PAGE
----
Despite the defeat of Trump at the 2020 presidential election, Trump's call to make America great again highlights a major problem facing the international economy - how the US commitment to liberal economic and political aspirations since the Second World War will be complicated by the rise of an authoritarian nation (China) in both economic and political terms.
While Trump's economic response was driven by an understanding that the US is finding it increasingly harder to maintain large trade deficits, a reality only maintained by a reliance upon much greater debt to fuel international economic activity, the Chinese Communist Party (CCP) has exploited the situation to increase China's wealth and influence around the world through its growing economic prowess and substantial military spending.
Quite simply, given the importance of the balance of power dimension within international relations, in a world where a commitment to certain political ideas should indeed matter, no powerful liberal democracy can allow the rise of authoritarian China at its own expense, whether other liberal democracies like it not.
While the western world accepts the inevitability of China becoming the world's largest economy, and observes how the Chinese economy was one of the few in the world that still grew in 2020 during the international covid-19 crisis, the central concern remains about how the CCP uses its growing economic might to influence trading nations and various international institutions.
We see the CCP's lack of democratic tolerance to Hong Kong, its threats to absorb Taiwan back into China through force, and its concerted effort to create markets abroad for Chinese goods and materials to help offset lower rates of domestic economic growth.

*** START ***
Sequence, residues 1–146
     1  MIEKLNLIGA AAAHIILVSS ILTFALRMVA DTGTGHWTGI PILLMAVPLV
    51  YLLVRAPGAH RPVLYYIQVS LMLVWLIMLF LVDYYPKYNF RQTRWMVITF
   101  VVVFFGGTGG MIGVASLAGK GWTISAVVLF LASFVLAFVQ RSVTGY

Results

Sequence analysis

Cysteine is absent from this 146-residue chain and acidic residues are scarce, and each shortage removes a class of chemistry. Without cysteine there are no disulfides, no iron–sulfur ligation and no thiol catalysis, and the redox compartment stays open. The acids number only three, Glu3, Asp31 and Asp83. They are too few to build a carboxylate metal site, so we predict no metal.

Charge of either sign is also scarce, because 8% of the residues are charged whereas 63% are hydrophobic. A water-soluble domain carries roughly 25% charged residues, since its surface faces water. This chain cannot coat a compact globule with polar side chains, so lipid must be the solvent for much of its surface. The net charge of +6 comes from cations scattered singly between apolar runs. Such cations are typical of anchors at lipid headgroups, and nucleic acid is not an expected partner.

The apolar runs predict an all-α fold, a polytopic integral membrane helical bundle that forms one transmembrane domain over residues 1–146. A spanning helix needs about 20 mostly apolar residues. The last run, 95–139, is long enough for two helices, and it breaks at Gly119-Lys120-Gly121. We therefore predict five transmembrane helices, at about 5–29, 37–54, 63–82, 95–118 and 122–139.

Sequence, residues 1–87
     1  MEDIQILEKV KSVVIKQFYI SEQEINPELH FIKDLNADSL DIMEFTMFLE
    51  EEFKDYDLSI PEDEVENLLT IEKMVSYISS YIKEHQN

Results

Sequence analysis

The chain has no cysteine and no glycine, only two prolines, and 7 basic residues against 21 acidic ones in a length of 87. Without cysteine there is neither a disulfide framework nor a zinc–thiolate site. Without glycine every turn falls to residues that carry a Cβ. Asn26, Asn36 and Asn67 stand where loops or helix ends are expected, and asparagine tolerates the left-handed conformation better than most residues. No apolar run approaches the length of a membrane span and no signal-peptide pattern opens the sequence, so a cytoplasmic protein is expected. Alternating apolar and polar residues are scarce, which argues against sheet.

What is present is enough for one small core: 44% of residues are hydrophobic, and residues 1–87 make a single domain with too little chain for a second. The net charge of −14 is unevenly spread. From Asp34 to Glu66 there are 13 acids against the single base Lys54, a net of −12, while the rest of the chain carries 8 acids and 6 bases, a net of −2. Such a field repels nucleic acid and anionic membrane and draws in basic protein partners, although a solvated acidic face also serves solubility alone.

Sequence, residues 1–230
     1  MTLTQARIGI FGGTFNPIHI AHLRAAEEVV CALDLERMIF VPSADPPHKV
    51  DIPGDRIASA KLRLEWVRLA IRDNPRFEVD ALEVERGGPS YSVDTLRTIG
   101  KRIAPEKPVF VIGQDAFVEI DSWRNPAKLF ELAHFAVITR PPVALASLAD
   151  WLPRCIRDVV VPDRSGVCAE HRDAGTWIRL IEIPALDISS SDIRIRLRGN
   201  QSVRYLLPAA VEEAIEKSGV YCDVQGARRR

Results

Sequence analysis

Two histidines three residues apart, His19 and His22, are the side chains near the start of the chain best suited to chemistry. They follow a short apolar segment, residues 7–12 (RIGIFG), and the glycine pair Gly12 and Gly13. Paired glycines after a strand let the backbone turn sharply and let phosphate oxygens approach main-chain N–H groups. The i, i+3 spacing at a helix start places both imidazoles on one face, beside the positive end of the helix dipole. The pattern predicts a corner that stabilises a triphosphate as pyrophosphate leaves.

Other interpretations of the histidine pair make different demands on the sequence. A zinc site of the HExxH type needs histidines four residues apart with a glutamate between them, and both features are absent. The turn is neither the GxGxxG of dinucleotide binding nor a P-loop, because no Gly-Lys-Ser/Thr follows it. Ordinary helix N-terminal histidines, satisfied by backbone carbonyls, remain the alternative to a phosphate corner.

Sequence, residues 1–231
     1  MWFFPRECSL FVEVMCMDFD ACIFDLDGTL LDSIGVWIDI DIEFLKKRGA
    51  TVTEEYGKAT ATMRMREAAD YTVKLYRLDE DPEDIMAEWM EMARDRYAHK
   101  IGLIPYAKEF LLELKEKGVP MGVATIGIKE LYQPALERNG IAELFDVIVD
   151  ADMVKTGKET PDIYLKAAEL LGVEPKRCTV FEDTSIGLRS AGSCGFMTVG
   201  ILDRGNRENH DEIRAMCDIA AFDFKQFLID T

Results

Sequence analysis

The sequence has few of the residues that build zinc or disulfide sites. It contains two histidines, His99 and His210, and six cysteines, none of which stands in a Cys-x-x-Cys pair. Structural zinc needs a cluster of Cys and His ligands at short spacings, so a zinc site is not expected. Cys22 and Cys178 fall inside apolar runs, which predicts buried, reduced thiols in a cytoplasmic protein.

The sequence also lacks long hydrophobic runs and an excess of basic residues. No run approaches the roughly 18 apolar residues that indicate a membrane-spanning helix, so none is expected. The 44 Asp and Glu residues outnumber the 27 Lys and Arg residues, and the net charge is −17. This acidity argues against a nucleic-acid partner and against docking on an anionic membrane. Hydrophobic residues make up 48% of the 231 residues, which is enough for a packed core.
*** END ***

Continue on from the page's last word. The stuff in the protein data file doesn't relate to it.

We know how the Belt and Road Initiative increases the public debt burden of some recipient countries with an International Monetary Fund study showing that China's contribution to the public debt of heavily indebted poor countries doubled from 6.2% to 11.6% from 2013 to 2016 with China obtaining some strategic assets and political influence within many recipient nations.
We are aware of the CCP violent repression of the ethnic Uighur minority, and the CCP's total disregard for freedom of speech at odds with its own messaging. A 2020 Safeguard Defenders report titled "Rampant Repression" alleges that up to 30,000 people have disappeared in China's 'Residential Surveillance at a Designated Location' system since 2013 with an estimated 20 people disappearing per day during 2020.
We observe the CCP's recent disregard for international borders that go beyond the South China Sea. During June 2020, a clash on the Himalayan border between Chinese and Indian troops occurred after China seized control of about 23 square miles of Indian territory during the previous two months, thus leading to greater Indian sentiment to become a democratic, economic and military counterbalance to China after a decade of the CCP courting India's neighbours (Nepal, Pakistan, and Sri Lanka).
And we recognise how the CCP increasingly threatens liberal democracies with economic retaliation, as observed by Australia losing valuable export markets to China during 2020 on a range of products because of the Australian government's tougher response to CCP influence and strong alliance with the US as a like-minded supporter of liberalism.
But it remains to be seen to what extent each liberal democracy will act to counter the CCP, despite the Western liberal democracies still collectively holding the balance of power in terms of economic resources and cultural appeal, and the Biden camp indicating in January 2021 that the US would consult its allies with regard to applying multilateral pressure upon China given the CCP's strategy of offering individual countries preferential access to its vast market.
While some liberal democracies will express a greater degree of commitment to political and economic liberalism, others may prove more willing to consider any economic option to create short-term wealth or reduces the burden of debt through China's economic opportunities at a time when government debt for the advanced economies is projected to reach 124% of GDP in 2020 (around 30% during early 1970s).
Of course, US leadership will prove crucial to any attempt to curtail the influence of the CCP, but even the US needs to address its own national interest, a reality made evident by ongoing support for Trump's nationalist agenda.
Discuss in our Forums
See what other readers are saying about this article!
Click here to read & post comments.
23 posts so far.